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Marathoners in Beijing go Maskless, Unfazed by Smog 


Runners undeterred by thick smog engulfing the Chinese capital ran the Beijing Marathon maskless on Sunday, many wearing shorts in one of the warmest Octobers on record.

Despite a greyish brown smog settling, some 30,000 marathoners set off at 7:30 a.m. (2330 GMT) from Tiananmen Square on the route through four districts of the Chinese capital over 42.195 km (26.2 miles).

Beijing was the second most-polluted major city in the world on Sunday, according to Swiss air-quality technology firm IQAir.

In the Haidian district on Beijing’s outskirts, the sky looked dreary, but hikers and visitors showed up at the Fragrant Hills Park where many go to enjoy autumn foliage, according to a Reuters witness.

China’s national forecaster advised the public to wear masks, warning on Sunday morning that air quality was reaching moderate or severe pollution.

Smog and fog will blanket parts of China for the next few days, reducing visibility and affecting travel in northeastern, northern, central and some eastern provinces, the National Meteorological Center said on Sunday.

Beijing’s observatory cautioned in the evening that visibility in most areas of the city will drop to less than 1 km (0.62 mile) overnight.

The smoggy weather is expected to gradually weaken and dissipate from Friday, but not before heavy fog forecast to cover parts of Jiangsu, Anhui and Sichuan provinces over the next three days could reduce visibility to less than 200 meters (650 feet), the forecaster said.

Steel production hubs in Tangshan, Handan and other cities in the northern province of Hebei launched emergency responses on Friday after heavy air pollution forecasts. The notices did not indicate when the controls would be lifted.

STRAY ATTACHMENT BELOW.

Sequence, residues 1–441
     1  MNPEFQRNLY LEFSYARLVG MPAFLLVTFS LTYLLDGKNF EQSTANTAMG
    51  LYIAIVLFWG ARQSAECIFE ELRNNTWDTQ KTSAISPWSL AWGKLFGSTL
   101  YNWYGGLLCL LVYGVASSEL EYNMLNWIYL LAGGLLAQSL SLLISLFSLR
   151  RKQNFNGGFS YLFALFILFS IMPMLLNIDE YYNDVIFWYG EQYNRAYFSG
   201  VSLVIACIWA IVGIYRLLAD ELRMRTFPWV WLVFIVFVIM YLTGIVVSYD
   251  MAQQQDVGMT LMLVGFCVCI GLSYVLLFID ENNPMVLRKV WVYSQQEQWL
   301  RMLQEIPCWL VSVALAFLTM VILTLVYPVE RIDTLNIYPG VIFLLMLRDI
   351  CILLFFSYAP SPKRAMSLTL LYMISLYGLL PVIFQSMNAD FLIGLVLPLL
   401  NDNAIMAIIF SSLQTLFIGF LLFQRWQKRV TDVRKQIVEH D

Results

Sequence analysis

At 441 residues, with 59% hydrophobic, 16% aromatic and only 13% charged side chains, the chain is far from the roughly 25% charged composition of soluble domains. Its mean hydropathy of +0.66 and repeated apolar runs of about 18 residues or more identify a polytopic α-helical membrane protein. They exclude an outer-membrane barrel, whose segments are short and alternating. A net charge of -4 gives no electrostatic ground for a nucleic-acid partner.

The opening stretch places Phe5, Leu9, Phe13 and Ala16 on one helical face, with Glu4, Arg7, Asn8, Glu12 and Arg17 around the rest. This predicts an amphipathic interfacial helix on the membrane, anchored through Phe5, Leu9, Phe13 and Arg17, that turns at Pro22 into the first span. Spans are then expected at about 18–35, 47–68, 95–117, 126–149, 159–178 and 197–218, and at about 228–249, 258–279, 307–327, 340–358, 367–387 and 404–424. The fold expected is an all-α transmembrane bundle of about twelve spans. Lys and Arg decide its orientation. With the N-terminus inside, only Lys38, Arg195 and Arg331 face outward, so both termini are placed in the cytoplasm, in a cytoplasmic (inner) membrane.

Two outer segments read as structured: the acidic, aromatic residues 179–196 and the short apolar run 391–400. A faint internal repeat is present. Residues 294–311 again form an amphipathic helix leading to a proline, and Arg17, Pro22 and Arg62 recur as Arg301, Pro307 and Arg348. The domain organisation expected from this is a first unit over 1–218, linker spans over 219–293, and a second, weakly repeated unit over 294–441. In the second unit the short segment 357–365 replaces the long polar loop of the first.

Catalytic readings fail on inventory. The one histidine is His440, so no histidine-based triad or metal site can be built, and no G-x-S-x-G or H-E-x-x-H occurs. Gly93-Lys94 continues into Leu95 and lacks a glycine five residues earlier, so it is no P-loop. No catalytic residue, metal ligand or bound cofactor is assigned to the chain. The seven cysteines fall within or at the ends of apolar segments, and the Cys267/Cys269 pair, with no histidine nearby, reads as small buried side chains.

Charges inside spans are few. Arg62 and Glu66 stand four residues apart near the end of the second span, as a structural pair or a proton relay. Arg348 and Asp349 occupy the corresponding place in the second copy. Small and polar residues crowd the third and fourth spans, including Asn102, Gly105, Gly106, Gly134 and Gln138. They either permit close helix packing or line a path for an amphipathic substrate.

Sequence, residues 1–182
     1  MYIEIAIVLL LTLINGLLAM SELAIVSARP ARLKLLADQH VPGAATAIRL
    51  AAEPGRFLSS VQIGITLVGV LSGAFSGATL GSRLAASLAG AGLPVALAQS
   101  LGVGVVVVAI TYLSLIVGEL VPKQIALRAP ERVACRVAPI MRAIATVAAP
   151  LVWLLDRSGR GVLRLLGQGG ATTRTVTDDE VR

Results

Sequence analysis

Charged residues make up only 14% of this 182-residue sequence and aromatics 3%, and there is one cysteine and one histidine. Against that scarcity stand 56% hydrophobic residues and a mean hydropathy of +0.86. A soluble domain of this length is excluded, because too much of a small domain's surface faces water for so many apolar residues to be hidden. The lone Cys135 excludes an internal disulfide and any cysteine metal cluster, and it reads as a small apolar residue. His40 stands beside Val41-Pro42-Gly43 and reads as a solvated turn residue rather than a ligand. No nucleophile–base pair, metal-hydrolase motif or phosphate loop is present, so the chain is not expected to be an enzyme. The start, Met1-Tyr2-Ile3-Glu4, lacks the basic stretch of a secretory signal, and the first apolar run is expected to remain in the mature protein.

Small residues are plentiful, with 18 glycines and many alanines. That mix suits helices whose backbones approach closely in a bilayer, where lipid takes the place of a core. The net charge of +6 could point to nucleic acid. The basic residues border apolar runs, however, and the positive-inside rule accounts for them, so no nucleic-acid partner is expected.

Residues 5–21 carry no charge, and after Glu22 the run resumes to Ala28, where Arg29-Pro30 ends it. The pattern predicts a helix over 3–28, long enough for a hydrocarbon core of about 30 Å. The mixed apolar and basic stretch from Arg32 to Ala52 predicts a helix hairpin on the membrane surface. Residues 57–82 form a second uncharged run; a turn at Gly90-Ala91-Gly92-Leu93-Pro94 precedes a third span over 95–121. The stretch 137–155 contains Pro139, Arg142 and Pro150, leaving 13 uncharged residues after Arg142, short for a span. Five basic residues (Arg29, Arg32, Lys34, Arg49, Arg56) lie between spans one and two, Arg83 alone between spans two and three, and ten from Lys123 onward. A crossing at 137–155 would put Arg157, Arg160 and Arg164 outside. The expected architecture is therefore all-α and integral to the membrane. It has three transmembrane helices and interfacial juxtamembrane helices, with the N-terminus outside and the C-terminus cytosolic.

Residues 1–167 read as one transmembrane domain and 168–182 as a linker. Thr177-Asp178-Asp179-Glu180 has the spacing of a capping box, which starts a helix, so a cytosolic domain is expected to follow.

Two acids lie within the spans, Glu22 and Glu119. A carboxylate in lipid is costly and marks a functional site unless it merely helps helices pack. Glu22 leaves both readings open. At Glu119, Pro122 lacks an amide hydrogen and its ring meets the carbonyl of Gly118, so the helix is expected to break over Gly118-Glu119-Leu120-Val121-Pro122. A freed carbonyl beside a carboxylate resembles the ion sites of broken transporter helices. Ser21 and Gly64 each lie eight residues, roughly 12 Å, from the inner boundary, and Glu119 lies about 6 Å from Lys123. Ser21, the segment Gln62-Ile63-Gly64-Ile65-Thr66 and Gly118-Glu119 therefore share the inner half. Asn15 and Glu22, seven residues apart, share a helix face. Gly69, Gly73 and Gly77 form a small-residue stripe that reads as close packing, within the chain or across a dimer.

The smog adds unusually warm October weather, due to significantly weaker cold air currents from the north as the polar vortex that sends cold air southward was situated further north recently, experts said.

Beijing’s high on Sunday was 19 C (66 F), according to the national weather bureau.

Parts of China, including in the north and northeast, have been experiencing temperatures 2 to 4 degrees Celsius (4-7 Fahrenheit) higher than normal the past 10 days.

“At present, a total of 237 national meteorological stations have broken historically highest temperatures in late October, which is still a relatively rare situation,” meteorological bureau’s chief forecaster Fang Chong was quoted by state media as saying.

Weak cold air currents were forecast to last the rest of the month before beginning to cool in early November.

While the smog was expected to clear up in less than a week, the backdrop of hazy weather resembled that of Beijing’s annual race almost a decade ago. In 2014 then-Premier Li Keqiang, who died on Friday, declared “war” on pollution and many marathoners donned masks for protection.

Source : VOA News

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